By Robert Caro, Alfred A. Knopf, New York, N.Y., 712 pages, $35.00
In the fourth volume of his biography of President Lyndon B. Johnson, historian Robert Caro tells a compelling story of miscalculation, humiliation, desperation, and redemption. Like all of Caro’s books, this one focuses on “power.” Through assiduous research, Caro paints the portrait of a flawed man who was at once both supremely confident and deeply insecure about himself.
The book covers the years between 1958 and mid-1964. Unlike the three earlier volumes, which cover Johnson’s Texas roots to his election as majority leader of the U.S. Senate, this latest volume covers four principal events that have already been widely written about: the 1960 national election, the presidency of John F. Kennedy, JFK’s assassination, and Johnson’s ascendency to the presidency. Despite this crowded field, Caro’s new book masterfully weaves passages from earlier works with his own original research. What emerges is a fresh narrative of a controversial man and his times.
The first part of the book deals with miscalculation. In 1958, as President Dwight Eisenhower was finishing up the last of his two terms, candidates in both parties were positioning themselves for the 1960 campaign. As a visible and effective Senate majority leader, Johnson was a presumed contender with a thick record of legislative accomplishments, an enviable list of willing donors, and a long list of friends who owed him favors. In short, it was his time.
As expertly told by the author, however, Johnson at this crucial moment inexplicably hesitated to campaign, court Democratic party bosses, give speeches outside Washington, or personally woo convention delegates. Meanwhile, JFK, a junior senator with few legislative achievements, was busy traveling the country lining up support. Johnson, who considered JFK a neophyte, refused to take him seriously until it was too late. According to Caro, Johnson, through his own hesitation and miscalculation, became the principal source of his own defeat.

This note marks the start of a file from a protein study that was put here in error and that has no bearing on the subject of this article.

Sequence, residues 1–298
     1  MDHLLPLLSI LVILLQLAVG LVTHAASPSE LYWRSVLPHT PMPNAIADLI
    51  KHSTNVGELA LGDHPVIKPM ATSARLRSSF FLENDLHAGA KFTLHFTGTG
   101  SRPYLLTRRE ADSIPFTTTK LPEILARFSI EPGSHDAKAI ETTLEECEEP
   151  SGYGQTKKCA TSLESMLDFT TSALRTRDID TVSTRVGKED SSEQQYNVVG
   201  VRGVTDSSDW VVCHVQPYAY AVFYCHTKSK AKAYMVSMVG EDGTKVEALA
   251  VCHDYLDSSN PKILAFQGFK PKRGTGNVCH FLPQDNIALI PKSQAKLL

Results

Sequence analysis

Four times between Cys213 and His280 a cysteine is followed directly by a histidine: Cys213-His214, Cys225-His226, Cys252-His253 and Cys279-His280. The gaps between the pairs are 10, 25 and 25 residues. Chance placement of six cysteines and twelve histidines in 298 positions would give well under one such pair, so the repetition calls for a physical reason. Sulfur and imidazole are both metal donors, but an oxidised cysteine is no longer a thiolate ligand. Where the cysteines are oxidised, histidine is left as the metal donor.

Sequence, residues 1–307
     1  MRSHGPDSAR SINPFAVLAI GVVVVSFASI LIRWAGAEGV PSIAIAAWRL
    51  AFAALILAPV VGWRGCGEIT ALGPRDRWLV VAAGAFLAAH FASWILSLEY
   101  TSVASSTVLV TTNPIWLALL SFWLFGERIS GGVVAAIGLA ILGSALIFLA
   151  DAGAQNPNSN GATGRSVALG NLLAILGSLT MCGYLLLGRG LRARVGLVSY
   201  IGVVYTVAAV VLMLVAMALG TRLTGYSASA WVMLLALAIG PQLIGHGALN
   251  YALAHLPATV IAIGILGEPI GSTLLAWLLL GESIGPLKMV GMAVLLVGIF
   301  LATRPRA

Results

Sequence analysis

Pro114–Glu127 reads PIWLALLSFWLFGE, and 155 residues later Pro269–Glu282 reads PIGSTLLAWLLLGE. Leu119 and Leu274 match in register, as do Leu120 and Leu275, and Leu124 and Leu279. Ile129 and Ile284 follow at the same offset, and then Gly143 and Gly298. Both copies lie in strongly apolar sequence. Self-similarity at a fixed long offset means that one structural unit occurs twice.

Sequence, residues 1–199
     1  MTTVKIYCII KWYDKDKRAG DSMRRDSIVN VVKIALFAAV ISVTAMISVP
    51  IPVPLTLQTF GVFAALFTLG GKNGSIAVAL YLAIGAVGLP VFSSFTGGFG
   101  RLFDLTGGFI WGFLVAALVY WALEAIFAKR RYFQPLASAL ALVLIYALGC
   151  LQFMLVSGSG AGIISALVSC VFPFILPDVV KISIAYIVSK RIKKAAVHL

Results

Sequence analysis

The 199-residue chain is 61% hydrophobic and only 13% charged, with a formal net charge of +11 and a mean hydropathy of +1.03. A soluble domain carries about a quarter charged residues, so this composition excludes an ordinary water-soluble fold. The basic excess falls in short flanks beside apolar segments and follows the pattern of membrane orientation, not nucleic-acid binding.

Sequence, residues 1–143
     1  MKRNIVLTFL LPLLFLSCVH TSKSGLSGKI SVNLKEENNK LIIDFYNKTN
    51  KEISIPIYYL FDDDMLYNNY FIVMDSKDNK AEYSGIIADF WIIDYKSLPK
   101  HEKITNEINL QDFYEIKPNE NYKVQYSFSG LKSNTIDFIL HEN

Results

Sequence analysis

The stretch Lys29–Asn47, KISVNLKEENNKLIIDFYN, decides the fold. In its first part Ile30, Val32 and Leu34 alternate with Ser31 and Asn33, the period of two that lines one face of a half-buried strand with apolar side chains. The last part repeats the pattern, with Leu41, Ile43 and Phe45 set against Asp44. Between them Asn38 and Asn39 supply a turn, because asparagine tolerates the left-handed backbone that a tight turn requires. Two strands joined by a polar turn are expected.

The second part of the book tells a story of “humiliation.” As JFK’s vice president, Johnson was disdained by JFK’s closest advisors and given little to do, except for chairing two presidential committees, the Committee on Equal Employment Opportunity and the National Space Council.
But even in these committees, Johnson was marginalized. As recounted by the author, Attorney General Robert F. Kennedy belittled Johnson by openly complaining that he was being too long-winded at a June 22, 1963 White House meeting of the CEEO. The attendees, who included 29 civil rights leaders, witnessed the debacle. Then, one month later, RFK humiliated Johnson again at a July 18, 1963 meeting of the space council by berating Johnson’s appointees to the council as incompetent.
One of the main sub-plots of the book is the “blood feud” which existed between Johnson and RFK. Johnson resented the president’s brother for trying to convince JFK to renege on his offer to Johnson to be his running mate in 1960. In turn, RFK detested Johnson for criticizing his father and brother. Caro richly details the intense hate that fueled this legendary rivalry.